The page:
This past February, science writer Brandon Keim wrote a Valentine’s day piece about a pair of pigeons.
The story, which discusses whether pigeons can love, is sweet, thoughtful, and not at all combative. But after sending his draft to editors, Keim was prepared for a showdown. Throughout the story, he had referred to his main characters, a pigeon couple he named Harold and Maude, with humanoid pronouns—he, she, and who. He feared backlash. In an email to a friend, he limbered up: “The customary pronoun for animals is it,” he wrote. “And it’s a custom that deserves to be buried.”
For Keim—who, in addition to his pigeon work, has recently written about dingoes for Wired, dolphins for Medium, and chimpanzees for National Geographic—animal-related pronoun usage is a factual choice, not a grammatical one. “Just as a matter of accuracy of language, it is inaccurate and inappropriate to use the language of inanimacy to describe conscious beings.” What used to be an instinct has become a professional imperative: “I never use ‘it’ to refer to a conscious being,” he says.
People have been arguing about the relative personhood of animals at least since the days of Rene “Animals are Automatons” Descartes. But since the mid-20th century, some who want other creatures’ inner workings to be taken seriously have taken a subtler tack, choosing their words carefully when referring to animals. “It’s not surprising that speciesism shows up in language,” says language teacher and vegetarian activist Dr. George Jacobs. “But if we can change language, maybe we can change views.”
Keim’s editors at Nautilus were “totally on board” with his he-and-she pigeons, he says. But this isn’t always true. In the early 1960s, Jane Goodall turned in her first paper about the chimpanzees of Gombe, only to have it returned to her with official instructions that each he, she, and who referring to a chimp be replaced with it or which. (“Incensed, I, in my turn, crossed out the its and whichs and scrawled back the original pronouns,” she writes in her memoir Through a Window).
Nearly half a century later, inspired by Goodall’s experiences, Jacobs collaborated with linguist Gaëtanelle Gilquin on a broad-scale study of animal pronoun usage, surveying style guides for relevant rules and combing a large corpus of English literature for examples.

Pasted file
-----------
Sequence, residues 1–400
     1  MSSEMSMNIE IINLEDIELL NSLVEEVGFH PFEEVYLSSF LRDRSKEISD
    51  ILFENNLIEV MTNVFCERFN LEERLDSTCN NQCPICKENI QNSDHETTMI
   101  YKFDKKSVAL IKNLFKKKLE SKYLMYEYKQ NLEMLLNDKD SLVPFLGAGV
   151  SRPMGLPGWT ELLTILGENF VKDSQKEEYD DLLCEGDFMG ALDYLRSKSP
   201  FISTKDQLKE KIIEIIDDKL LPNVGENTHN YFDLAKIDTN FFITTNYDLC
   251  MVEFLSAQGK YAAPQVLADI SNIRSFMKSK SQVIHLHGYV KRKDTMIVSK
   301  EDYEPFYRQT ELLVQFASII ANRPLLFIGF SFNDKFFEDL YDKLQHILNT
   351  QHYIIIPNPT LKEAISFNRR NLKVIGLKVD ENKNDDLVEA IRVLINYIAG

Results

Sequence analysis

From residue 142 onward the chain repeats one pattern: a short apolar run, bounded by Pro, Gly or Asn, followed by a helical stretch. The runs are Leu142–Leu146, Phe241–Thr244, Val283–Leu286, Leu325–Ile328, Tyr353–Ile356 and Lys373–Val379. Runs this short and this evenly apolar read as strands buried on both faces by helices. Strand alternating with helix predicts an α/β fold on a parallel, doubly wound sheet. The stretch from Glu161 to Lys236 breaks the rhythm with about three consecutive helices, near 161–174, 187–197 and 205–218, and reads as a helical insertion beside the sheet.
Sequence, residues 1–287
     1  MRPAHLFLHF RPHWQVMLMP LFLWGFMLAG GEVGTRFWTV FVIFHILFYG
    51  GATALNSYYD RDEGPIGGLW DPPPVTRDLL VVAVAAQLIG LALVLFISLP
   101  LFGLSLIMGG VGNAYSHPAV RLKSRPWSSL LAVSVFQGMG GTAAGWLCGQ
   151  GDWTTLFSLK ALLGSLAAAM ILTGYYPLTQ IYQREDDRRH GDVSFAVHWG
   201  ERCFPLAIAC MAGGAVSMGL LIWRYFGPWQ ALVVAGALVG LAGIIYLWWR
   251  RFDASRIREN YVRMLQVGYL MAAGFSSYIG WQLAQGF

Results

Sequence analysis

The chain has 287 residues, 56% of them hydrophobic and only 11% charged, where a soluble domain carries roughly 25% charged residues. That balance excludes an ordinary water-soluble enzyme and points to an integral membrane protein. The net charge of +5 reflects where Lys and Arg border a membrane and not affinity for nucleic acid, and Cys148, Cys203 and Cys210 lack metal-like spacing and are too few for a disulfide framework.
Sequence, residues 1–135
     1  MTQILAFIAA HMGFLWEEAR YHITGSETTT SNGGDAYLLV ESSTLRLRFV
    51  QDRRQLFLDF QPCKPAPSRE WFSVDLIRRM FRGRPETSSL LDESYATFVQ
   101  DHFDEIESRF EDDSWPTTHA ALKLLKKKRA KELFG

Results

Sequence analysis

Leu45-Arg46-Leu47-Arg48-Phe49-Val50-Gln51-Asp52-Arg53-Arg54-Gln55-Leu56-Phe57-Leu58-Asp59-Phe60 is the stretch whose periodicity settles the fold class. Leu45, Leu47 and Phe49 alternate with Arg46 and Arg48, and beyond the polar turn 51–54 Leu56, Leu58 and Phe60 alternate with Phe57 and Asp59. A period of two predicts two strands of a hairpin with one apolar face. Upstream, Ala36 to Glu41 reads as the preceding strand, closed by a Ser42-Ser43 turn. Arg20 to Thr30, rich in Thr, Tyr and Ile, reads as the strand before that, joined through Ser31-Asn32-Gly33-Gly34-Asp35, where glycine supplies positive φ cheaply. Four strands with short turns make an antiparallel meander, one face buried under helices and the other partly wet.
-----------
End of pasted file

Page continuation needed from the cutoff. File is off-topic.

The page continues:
Gilquin and Jacobs found written and spoken English to be fairly hospitable to individuated animals—“dogs who wander,” “alligators who wrestle,” and “catfish who love to be fed by hand” all showed up in the corpus. Literature also has its share: Shakespeare’s Julius Caesar features “a lion who glared” at Caesar’s assassins, and Moby-Dick is always a “he.” Pets, like Socks Clinton, invariably got the humanoid pronoun treatment.
When it came to official directives, things were a little less clear-cut. Plenty of style gurus, from the Chicago Manual to the American Psychological Society, forbid the use of humanoid pronouns to refer to animals. The Oxford English Dictionary will allow “who” to be used for an animal “with implication of personality.”
Most newspapers afford animals personal pronouns as long as they’ve already got another human accoutrement, like a name or a gender designation. According to the current New York Times Style Guide, if Marmaduke is lost, one should write “he howled,” but if a nameless dog is lost, said howler becomes it. The Washington Post has the same strategy, with a contingency plan: “I could see exceptions for descriptions of wild-animal mating or mothering, where the sex is integral to the point and gendered pronouns would aid comprehension,” wrote copy editor Bill Walsh in an email.
Such looseness does not sit well with Carl Safina, a wildlife biologist and scientific communicator who developed a clear set of animal pronoun criteria while writing Beyond Words, a book about wildlife intelligence. According to Safina, “who” should be used for any individual “who has a relationship to other individuals,” regardless of species. Under this umbrella, elephants and bears are “he,” “she,” or “who,” while mosquitos and fish are not.
For Safina, this division stops up a potential cascade of anthropomorphized living things, and denotes a real and important distinction. “A herring in a school of herring, where there’s no structure, there are no bonds, there’s just a grouping—it doesn’t bother me to refer to them as it,” Safina says. On the other hand, if someone makes a good case for herring-as-whom, he’s open to it. Keim draws his line a little further along in the sand. “I’ll still use who, even for earthworms,” he says. (Microbes and plants, though, are its for him—though some, like botanist Robin Wall Kimmerer, have argued for personal plant pronouns, too.)
Lately, a little bit of this ethos has started creeping past the grammatical gatekeepers. Last month in the Globe and Mail, Peter Singer pointed out that, against their purported style, the New York Times headlined a story on a runaway steer “Cow Who Escaped New York Slaughterhouse Finds Sanctuary.” Perhaps the cow’s dash at life made him more relatable, more agential—or maybe, Times standards editor Philip Corbett mused, headline writers were justified by his eventually receiving a name (he is now Freddie). Regardless, the switch didn’t last long—in its first sentence, the article reverted back to “that.”
Keim hopes that, next time, the Gray Lady will consider granting who to the cow more permanently, along with its wild and domestic brethren—fuzzy and slimy, large and small. “Goodall broke through the barrier with chimpanzees,” he says, “and now I think that consideration should be extended to everything else.” He corrects himself: “Everyone else.”